by Marion Marks
The great attraction Donald Trump followers appreciate is the ease with which he rolls off seemingly sophisticated denunciations of groups, federal programs or movements that many voters believe are ripe with bureaucratic waste. If the hate-filled vitriol weren’t so well received by an audience eager to denounce what they perceive as dirty politicians and non-deserving government benefit recipients. Who hasn’t jumped on the bandwagon, denouncing the “Welfare Cheat”? Voters feel governmental institutions need streamlining and purging across the board. Pointing out dangers of the rabid dog running the streets gets universal approval.
The Trump call for fixing the system fits the pattern of the outside party rallying cry, but the solutions he suggests are like the Red Queen calling to Alice, “Off with their heads!” Everyone cheers, but no one wants to be on the chopping block.
The words “Working Solutions” just don’t exist in the Trump campaign plan, and every case where Trump is questioned is met with “You’re going to love the way I do that! The solutions will be fantastical! There’s going to be so much success you may get tired of it.”
The candidate who evades accountability is the candidate who cannot be called for missing parts of the solution even if he gets minor issues resolved. Much of the task of running a government with limited resources is rationing the services government provides to all the worthy or needy people and causes. Successful political salesmen get those left out to appreciate what little they still have.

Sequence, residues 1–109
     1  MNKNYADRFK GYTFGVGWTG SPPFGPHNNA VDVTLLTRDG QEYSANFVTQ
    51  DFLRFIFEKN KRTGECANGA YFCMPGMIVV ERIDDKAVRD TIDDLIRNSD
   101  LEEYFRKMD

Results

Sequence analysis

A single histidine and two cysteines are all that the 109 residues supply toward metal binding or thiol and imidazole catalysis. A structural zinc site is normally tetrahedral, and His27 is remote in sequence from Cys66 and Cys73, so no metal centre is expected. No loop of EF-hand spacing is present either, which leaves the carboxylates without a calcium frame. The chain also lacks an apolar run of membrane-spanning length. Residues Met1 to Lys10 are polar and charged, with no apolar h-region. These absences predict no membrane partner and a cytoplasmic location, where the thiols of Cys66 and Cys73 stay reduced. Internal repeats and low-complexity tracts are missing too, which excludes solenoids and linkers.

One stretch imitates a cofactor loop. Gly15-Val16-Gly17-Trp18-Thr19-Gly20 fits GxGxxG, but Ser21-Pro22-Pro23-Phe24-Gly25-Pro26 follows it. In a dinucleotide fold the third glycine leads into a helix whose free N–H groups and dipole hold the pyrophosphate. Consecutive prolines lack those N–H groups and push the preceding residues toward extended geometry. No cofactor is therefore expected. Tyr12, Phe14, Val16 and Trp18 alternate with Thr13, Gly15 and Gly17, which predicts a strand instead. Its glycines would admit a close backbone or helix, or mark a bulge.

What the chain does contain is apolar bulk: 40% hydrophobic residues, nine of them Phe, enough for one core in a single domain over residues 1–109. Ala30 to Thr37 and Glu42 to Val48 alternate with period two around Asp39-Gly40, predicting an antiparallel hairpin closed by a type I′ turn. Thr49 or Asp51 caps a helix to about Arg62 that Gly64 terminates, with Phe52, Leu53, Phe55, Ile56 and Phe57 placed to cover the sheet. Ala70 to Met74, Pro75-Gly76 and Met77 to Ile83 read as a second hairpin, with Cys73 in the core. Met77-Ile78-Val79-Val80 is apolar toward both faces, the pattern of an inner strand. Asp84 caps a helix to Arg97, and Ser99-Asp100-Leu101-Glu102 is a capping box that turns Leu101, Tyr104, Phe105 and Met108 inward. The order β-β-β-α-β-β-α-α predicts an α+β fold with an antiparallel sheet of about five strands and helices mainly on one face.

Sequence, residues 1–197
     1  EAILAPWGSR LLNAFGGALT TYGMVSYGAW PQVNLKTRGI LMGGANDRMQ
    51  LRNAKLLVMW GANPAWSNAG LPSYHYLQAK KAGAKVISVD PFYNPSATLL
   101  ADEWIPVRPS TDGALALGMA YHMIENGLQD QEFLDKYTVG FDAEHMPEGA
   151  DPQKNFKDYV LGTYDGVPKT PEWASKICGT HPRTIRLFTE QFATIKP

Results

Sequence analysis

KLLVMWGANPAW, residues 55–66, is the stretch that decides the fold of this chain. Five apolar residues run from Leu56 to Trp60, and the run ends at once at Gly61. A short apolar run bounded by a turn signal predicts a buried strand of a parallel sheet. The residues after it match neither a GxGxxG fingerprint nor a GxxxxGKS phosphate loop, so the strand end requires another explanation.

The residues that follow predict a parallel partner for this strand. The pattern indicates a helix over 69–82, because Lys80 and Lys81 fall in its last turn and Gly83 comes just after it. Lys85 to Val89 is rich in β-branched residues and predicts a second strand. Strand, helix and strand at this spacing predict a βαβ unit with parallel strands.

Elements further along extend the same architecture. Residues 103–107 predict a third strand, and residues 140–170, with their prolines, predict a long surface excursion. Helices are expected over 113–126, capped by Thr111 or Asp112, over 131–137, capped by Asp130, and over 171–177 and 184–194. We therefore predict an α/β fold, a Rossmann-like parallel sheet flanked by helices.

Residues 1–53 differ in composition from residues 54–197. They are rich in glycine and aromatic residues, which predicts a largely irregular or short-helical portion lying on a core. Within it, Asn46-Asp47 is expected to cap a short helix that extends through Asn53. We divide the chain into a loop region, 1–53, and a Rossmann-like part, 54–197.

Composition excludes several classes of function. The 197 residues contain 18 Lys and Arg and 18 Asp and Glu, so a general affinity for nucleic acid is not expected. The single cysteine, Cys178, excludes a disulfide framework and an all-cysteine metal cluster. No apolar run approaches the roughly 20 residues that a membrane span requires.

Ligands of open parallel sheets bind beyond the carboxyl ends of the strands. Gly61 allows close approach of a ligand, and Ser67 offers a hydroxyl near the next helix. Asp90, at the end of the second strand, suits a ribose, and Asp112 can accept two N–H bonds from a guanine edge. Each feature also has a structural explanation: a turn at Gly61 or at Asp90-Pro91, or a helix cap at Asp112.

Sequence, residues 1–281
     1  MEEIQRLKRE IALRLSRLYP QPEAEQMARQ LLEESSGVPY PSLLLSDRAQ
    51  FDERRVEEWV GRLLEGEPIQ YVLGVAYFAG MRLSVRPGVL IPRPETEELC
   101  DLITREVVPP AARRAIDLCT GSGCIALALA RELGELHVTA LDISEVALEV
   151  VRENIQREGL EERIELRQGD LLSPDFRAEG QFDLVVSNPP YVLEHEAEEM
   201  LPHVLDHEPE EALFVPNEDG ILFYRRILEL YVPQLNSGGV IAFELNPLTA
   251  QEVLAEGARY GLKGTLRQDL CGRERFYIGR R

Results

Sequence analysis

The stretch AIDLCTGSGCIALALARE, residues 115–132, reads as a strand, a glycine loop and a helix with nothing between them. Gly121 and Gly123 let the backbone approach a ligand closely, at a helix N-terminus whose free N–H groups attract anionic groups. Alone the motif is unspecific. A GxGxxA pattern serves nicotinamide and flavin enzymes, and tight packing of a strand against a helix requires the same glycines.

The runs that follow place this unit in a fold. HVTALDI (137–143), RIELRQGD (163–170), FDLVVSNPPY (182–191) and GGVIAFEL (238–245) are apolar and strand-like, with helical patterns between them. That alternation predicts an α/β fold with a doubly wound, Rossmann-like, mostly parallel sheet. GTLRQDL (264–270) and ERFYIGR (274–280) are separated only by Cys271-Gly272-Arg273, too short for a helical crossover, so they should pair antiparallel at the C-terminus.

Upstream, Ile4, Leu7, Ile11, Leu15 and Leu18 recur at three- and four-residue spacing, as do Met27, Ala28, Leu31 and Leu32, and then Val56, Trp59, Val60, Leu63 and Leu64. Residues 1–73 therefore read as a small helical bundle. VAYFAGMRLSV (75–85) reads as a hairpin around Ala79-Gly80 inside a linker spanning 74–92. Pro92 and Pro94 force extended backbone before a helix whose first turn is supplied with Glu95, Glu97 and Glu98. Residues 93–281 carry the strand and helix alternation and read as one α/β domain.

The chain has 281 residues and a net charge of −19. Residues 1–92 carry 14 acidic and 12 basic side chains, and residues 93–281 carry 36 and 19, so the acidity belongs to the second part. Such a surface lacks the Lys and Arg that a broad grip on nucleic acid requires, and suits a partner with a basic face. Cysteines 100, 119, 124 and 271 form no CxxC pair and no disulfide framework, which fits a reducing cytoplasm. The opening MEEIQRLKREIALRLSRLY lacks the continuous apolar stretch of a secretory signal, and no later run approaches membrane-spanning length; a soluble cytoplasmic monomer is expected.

Trump practices a form of “multiple-choice communication.” He addresses needs by giving many options as to what he might intend to do. Therefore he is never nailed down or held accountable for any given failure in his plan.
Trump claimed in California that, despite over five consecutive years of below average net rainfall, “There is no drought. They turn the water into the ocean. If I win, believe me, we’re going to start opening up the water so that you can have your farmers survive.” It seems that, with Trump logic, the net water in the rivers and streams actually does add up to the anticipated required water.
So what can he possibly mean by this claim? Go ahead and choose a realistic answer to this multiple-choice problem. Does Trump mean that:
- There never was a drought! It was all a myth like global warming.
- There was a drought, but it has ended naturally.
- There was a drought, but somebody’s fixed it.
- There is no drought, because what others call a “drought” is simply their inability to drain the Sacramento River Delta and use its water for farming.
- There is drought, but as president of the United States, Trump can fix the California water policy. It’s really a simple engineering project to drain the Sacramento River Delta – better judgement by a president. Just tell people to change their whole life style and it’s really the same as there never was a drought if he says so.
Because Trump addresses the problem by convincing you he is far more brilliant than any scientist, all you have to do is believe him. Now, for attendees at Trump’s rally to go wild all you need to do is add a band, dancing girls, slot machines and bring in the magician. Tell people to choose an answer from the list, and if their choice doesn’t work, it was because they chose the wrong one.
Very simply, Trump gets credit for solving the problem, and as long as some feel reassured by Trump’s words, “No drought.” California is left to solve their own issues, and if they fail, he can declare bankruptcy, sell it off at a loss or call them “just Mexicans who we will build a wall around.”
Now wasn’t that easy! Just as Marie Antoinette said, “Let them eat cake!” Trump will say. “Let them drink salt water!” After all, they were never going to vote for him anyway.
If the California citizens want to argue with Trump and litigate his solutions, he can claim that the judge is a “Mexican.” He can probably keep this argument up thru the end of his term – as a candidate of the previously, in a now forgotten era, Grand Old Party.